Arthur Wightman: For his central role in the foundations of the general theory of quantized fields, the powerful impetus impressed promoting resarch on various aspects of Modern Mathematical Physics (on constructive QFT, and on domains ranging from statistical mechanics, dynamical systems and ergodic theory to integrable systems, Schroedinger Operators and renormalization theory), for his expository contributions of a masterly level to mathematical physics.
Some other awards:
Jürg Fröhlich received the Benoist prize, which is the most prestigious science prize for Swiss citizens or residents. The citation (translated) is
For his work on phase transitions, electron localization, and on the theory of the quantized Hall effect.
The Wolf prize in mathematics was awarded this year to Joseph Keller and Iakov Sinai. The citations are
Joseph Keller: For his profound and innovative contributions, in particular to electromagnetic, optical and acoustic wave propagation, and to fluid, solid, quantum and statistical mechanics.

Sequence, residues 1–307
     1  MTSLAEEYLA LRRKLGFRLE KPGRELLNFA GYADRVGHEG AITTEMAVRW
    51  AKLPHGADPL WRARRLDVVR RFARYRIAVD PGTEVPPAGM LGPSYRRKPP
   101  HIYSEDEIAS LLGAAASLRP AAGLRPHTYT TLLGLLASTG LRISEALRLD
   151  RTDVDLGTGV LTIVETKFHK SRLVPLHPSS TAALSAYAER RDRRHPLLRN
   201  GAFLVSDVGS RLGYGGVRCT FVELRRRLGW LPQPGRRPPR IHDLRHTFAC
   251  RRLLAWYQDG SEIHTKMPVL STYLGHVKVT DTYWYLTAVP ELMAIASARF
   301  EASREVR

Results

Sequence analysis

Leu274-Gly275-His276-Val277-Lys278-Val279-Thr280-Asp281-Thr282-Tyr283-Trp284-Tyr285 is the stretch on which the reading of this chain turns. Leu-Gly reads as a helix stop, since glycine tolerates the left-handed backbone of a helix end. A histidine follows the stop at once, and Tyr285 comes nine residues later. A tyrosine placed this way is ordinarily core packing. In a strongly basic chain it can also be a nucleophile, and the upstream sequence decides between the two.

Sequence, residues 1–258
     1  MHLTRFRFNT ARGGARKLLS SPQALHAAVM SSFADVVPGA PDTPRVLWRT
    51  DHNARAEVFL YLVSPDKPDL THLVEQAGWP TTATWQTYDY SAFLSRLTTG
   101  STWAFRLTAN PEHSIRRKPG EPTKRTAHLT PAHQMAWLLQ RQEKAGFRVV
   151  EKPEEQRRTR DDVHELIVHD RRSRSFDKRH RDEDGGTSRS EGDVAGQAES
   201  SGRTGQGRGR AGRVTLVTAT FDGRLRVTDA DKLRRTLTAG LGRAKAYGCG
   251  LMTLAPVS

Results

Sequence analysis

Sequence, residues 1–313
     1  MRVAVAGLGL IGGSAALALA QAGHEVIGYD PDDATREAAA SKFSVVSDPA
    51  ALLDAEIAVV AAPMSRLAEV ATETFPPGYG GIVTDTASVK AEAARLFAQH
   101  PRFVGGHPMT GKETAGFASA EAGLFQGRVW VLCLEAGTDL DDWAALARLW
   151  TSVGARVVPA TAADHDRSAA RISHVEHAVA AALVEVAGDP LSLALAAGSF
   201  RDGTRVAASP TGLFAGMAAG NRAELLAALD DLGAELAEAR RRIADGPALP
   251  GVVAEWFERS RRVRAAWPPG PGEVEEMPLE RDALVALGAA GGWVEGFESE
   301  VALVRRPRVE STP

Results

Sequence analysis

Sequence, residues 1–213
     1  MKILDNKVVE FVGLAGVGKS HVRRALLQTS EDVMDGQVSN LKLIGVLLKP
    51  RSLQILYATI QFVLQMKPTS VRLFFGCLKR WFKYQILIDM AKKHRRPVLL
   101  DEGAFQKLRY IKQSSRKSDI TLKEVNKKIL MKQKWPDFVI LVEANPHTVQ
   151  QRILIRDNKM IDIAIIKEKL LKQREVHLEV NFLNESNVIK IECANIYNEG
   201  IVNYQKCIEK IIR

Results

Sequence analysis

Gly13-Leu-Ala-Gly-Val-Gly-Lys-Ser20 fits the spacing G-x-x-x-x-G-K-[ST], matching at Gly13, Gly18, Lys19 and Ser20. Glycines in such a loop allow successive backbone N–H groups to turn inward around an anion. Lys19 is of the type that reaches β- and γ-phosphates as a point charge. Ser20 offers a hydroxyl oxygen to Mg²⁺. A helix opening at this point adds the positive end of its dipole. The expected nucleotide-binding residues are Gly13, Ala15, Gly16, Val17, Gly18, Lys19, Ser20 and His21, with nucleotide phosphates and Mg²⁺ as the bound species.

Iakov Sinai: For his fundamental contributions to mathematically rigorous methods in statistical mechanics and the ergodic theory of dynamical systems and their applications in physics.
Michael Aizenman and Edward Nelson were elected to the U.S. National Academy of Sciences.
Please notify the Secretary, Charles Radin, of 1998 awards.
PAGES 9 and 10: These are not available in html, but you can get them as (large) gif files:
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The German Max-Planck Society decided to found a Max-Planck Institute for Mathematics in the Sciences in Leipzig. The official opening ceremony took place on October 2, 1996. The new Institute is the second Max-Planck Institute devoted to the mathematical sciences, after the one in Bonn whose founding director was Friedrich Hirzebruch.